Scotland politics

SNP conference 2015: Members reject fracking ban call

fracking in preston Image copyright Getty Images
Image caption Ineos has acquired fracking rights in central Scotland

SNP members at the party conference have rejected calls for the party to back an outright ban on fracking.

The party's Leith branch had tabled a motion to the SNP conference backing the Scottish government's current moratorium on fracking.

Several speakers called for the motion to be revised and strengthened.

However, an effort to remit the motion back for revision was defeated by 427 votes to 554 and it was carried by the conference.

The issue has continued to prove divisive for the party, despite SNP ministers extending the moratorium last week to cover underground coal gasification (UCG).

Jim Ratcliffe, chief executive of chemical company Ineos, has urged the Scottish government not to delay a decision on the technology for too long, saying it offers Scotland a "last chance" to gain economic independence.

But the conference debate on the motion showed the strength of opposition to fracking among many grassroots SNP members.

Analysis by Brian Taylor, BBC Scotland political editor

Ministers have announced a moratorium, deferring a decision until 2017. Separately, they have announced a delay, presently without a timetable, on Underground Coal Gasification.

Several delegates were unhappy and said so volubly. They wanted an outright ban, citing environmental and safety concerns. There was discontent with the Scottish government position.

In the event, though, any outright rebellion was headed off on this one. Delegates ended up backing the moratorium. Demands to shelve that to permit eventual support for a total ban were defeated - although it was suggested by one critic of the Scottish government stance that harder line motions had not made it on to the agenda.

Like the moratorium itself, however, this may be simply a problem deferred for SNP ministers. The mood expressed at conference was decidedly hostile to fracking - although perhaps supporters or those who are unsure sat on their hands. For example, it was decided to leave the debate to the delegates, with no minister intervening.

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Ineos was attacked during the debate by members including Iain Black from the SNP's Forth branch, one of the founding members of SMAUG (SNP Members Against Unconventional Gas).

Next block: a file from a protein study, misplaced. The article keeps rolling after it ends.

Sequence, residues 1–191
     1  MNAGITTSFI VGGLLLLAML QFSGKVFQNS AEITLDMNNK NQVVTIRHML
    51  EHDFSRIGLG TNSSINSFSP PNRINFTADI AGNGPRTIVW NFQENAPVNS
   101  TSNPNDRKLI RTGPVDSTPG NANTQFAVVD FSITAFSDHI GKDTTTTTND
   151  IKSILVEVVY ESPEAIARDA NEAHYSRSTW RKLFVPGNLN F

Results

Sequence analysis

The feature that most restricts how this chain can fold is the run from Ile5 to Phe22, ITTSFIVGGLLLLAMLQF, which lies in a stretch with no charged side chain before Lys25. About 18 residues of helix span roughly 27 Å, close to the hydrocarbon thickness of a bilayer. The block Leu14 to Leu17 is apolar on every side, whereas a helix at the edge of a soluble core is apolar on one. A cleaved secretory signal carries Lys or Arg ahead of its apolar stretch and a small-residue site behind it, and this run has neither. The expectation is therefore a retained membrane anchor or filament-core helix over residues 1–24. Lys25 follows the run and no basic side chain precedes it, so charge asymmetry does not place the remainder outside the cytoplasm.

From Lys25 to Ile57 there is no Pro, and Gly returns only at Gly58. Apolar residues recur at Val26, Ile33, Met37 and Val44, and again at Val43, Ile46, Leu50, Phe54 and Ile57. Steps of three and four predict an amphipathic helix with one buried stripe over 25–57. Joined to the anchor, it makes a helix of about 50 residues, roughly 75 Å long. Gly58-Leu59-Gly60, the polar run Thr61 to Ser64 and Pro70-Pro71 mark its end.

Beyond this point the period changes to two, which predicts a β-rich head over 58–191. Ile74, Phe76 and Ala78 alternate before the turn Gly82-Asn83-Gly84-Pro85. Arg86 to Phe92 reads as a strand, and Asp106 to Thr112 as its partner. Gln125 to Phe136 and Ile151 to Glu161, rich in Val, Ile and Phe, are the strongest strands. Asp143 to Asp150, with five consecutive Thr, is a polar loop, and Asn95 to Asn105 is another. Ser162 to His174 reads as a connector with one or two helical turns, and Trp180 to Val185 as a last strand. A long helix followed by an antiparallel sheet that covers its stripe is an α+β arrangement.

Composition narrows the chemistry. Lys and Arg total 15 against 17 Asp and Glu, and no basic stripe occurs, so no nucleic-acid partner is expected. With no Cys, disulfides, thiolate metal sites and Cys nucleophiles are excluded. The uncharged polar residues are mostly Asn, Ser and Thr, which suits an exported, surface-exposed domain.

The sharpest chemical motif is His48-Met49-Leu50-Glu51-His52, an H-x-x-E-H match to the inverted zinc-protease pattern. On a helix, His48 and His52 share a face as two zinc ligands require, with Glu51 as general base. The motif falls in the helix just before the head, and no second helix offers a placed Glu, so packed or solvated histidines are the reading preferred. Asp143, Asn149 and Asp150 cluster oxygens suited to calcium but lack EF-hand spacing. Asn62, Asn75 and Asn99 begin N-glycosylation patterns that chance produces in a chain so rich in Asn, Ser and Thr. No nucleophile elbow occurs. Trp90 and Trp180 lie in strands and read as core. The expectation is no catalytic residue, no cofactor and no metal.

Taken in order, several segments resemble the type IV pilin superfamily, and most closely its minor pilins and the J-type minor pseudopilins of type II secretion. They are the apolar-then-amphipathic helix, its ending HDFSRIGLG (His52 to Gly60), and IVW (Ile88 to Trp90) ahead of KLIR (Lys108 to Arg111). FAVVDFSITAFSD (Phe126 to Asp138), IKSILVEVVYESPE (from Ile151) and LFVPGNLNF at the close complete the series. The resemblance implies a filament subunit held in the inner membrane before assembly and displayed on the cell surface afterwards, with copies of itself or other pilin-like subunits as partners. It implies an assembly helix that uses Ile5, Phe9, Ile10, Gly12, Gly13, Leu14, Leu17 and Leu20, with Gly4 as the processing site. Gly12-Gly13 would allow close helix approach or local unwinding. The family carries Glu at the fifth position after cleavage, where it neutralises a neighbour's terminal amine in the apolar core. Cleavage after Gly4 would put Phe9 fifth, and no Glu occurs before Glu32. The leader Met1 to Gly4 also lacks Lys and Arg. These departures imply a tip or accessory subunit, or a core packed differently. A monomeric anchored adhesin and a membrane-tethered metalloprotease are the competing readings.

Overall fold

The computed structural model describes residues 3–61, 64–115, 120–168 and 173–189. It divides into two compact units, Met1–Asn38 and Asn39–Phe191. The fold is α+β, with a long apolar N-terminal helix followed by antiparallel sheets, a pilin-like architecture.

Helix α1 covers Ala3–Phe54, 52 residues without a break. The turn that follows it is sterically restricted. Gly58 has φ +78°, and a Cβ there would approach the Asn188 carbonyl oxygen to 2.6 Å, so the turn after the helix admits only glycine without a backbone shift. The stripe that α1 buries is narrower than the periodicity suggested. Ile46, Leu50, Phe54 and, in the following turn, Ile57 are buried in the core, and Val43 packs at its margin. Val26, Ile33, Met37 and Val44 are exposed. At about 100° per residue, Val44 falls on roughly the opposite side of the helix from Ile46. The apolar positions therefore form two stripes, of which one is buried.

Mr Black told delegates: "We believe that the evidence and the science absolutely and overwhelmingly supports a ban.

"There's science and then there's science that's paid for by big business with research grants.

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Media captionA tour around the SNP conference venue

"The SNP is about healthy communities, you can't have healthy communities if you destroy the land, if you destroy the air, if you destroy the water that we drink.

"It's Scotland's land, it's Scotland's air, it's Scotland's water."

Delegate John Page said the motion backing the moratorium was "not good enough".

'Contentious issue'

He added: "I'm unhappy with this motion, I suggest this motion is remitted and that the SNP comes back and more widely reflects its membership and the wider community."

SNP ministers have said the moratorium will allow for more research and consultation on the technique, a process which is not expected to be completed until spring 2017.

Calum McCaig, SNP MP for Aberdeen South, speaking in favour of the motion, said: "What I would like to see is the whole analysis of the whole remit of this contentious issue from a source that I can trust.

"I trust our government to do this and to do it correctly."

Ineos, which runs the Grangemouth plant, has acquired fracking exploration licences across 700sq miles of central Scotland.

The company proposes using shale gas as a raw material for its chemical plants, and has revealed plans to put millions into exploration.

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